You get the point. Hopefully by now there are little stories and images from your last holiday bobbing around in the back of your mind. How lovely. The way that will have happened, that little exercise in memory recall, probably seems completely “normal” to you.
But many people would remember a moment from their last holiday much in the same way that you remember, say, the boiling point of water in Kelvin1: as “an isolated fact without much self-involvement”. So, your way of doing things (so ego-driven! why do you always put yourself at the centre of everything?) isn’t that normal after all. Continue reading “Memory in Autism: Interview with Dermot Bowler”→
Two months later, I’m picking up where the last post left off. If you read all 5,500 words of it, congratulations – you don’t have ADHD1. If not, then its starting point was the fact that we’re – yes, that’s right: me and you – spending more and more time pressing buttons and keys, clicking mice and gawping at the result on LCD screens. Then clicking and pressing again. And again. By doing this, I wrote, we’re rewiring our brains so that they resemble “those in the skulls of ADHD patients”. Mama, weer all crazee now.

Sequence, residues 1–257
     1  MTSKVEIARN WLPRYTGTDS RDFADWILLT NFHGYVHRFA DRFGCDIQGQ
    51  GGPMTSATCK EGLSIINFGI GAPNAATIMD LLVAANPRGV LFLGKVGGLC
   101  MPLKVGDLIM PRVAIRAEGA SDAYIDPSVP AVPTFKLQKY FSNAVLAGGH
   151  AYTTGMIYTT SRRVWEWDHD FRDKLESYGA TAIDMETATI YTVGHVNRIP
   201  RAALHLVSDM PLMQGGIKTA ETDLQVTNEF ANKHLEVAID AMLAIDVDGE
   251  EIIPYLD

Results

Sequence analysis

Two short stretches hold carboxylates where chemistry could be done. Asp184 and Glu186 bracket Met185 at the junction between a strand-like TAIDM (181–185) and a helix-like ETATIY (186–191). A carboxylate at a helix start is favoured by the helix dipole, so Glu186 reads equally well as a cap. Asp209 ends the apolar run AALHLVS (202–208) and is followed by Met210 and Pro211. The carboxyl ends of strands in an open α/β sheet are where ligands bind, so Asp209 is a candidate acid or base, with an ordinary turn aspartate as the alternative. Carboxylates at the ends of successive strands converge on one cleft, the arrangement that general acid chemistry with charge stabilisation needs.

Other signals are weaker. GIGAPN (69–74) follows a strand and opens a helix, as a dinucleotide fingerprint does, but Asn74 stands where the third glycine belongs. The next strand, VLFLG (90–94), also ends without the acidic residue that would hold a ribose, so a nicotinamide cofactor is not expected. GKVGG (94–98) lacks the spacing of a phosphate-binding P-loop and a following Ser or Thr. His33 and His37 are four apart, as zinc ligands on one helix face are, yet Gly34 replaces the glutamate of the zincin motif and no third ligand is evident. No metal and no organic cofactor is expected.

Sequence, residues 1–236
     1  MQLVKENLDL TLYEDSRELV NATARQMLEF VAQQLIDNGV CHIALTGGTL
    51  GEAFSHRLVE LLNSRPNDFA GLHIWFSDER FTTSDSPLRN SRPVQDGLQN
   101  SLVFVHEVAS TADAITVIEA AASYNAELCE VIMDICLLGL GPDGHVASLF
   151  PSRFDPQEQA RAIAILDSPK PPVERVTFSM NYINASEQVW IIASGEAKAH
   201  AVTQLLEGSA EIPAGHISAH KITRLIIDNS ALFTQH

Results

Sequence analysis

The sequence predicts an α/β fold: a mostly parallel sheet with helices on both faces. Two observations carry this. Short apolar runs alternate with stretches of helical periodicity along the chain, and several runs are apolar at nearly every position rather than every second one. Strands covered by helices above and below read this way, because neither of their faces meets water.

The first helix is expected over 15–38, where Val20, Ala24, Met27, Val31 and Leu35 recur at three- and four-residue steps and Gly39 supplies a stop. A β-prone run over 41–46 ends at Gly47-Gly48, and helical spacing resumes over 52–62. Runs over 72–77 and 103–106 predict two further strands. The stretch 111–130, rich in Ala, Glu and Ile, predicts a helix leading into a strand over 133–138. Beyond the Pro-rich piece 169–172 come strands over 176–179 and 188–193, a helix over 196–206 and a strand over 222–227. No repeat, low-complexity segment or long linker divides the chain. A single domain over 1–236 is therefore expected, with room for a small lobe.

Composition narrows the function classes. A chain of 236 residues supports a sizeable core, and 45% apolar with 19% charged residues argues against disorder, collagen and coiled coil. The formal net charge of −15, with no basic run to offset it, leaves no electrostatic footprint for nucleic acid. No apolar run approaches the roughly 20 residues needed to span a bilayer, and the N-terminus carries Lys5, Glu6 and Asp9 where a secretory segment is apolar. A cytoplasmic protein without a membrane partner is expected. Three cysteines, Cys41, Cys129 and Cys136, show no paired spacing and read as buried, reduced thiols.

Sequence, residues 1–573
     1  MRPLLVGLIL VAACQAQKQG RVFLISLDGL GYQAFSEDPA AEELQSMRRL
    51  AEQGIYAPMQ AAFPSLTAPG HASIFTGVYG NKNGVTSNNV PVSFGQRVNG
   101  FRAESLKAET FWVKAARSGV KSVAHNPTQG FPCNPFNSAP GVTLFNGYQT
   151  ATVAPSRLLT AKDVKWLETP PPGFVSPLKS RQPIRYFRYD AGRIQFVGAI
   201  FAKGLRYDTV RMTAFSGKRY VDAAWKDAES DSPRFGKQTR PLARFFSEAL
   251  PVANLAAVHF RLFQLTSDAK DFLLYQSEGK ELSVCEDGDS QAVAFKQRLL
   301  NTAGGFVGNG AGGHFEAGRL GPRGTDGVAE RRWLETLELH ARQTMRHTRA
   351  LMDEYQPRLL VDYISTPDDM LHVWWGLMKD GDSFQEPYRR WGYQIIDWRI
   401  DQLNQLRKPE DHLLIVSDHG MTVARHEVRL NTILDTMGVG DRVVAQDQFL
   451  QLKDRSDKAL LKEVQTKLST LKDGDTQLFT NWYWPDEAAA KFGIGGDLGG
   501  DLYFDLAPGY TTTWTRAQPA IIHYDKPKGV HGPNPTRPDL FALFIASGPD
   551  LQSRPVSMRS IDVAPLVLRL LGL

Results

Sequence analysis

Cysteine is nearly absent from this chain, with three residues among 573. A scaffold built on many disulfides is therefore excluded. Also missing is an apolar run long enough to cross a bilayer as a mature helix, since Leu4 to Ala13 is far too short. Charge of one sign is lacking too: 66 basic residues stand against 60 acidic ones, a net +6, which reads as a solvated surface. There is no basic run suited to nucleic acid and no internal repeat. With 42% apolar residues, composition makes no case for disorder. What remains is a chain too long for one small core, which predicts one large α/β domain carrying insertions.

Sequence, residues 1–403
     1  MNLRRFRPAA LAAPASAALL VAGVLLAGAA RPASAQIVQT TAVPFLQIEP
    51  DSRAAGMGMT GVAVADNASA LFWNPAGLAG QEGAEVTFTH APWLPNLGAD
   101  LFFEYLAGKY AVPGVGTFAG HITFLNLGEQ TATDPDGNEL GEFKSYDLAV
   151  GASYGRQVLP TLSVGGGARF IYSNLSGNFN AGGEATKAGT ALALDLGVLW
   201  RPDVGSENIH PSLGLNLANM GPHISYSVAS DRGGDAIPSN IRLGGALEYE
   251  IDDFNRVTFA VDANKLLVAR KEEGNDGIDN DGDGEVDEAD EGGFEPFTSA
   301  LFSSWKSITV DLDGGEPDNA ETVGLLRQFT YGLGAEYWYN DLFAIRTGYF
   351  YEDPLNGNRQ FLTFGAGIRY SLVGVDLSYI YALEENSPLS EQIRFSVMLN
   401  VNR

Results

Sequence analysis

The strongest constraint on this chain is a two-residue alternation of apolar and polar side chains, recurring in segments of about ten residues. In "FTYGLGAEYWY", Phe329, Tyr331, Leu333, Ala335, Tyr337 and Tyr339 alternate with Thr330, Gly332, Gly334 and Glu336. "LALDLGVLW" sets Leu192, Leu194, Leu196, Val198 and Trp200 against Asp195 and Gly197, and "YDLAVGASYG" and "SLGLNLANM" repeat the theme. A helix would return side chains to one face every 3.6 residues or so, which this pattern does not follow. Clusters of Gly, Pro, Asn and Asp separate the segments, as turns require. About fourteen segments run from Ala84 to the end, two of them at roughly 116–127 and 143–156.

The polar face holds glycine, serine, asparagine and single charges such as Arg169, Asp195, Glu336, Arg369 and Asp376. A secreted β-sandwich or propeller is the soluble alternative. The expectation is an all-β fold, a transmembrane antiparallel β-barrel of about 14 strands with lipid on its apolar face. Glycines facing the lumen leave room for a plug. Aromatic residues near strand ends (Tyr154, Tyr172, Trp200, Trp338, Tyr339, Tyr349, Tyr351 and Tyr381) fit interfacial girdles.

This was written back in January but is, I hope, still relevant. I welcome all comments or e-mails on this topic – please do get in touch.
The disconcerting background noise rumbling under the crystalline digital audio of the internet age is intensifying. The unsettling idea that our use of modern technology is somehow rewiring our brains has found increasing expression over the last couple of years. And from the titles of the (mostly American) books propounding this hypothesis it would seem that the neural re-fit is a bit of a botch job. There’s Mark Bauerlein’s thundering The Dumbest Generation: How the Digital Age Stupefies Young Americans and Jeopardizes our Future, UCLA Professor of Psychiatry Gary Small’s iBrain: Surviving the Technological Alteration of the Modern Mind and Maggie Jackson’s Distracted: the Erosion of Attention and the Coming Dark Age.
Attention, and our decreasing ability to pay any, is a key issue. You don’t have to look very far to see the harbingers of Jackson’s “Dark Age”. Just witness the crisis in publishing as we’re unable to give books – those weighty slabs of text with all their snaking, idea-laden prose – our undivided. Newspapers are similarly too much. We substitute with skim-read internet articles and the inane volleys of YouTube. Blogs look overlong and unwelcoming. Twitter, with its 140-character-per-post limit, would seem to be about as much many of us can handle. Continue reading “Forever Unfulfilled: Attention-Deficit, Addiction and the 21st Century Brain”→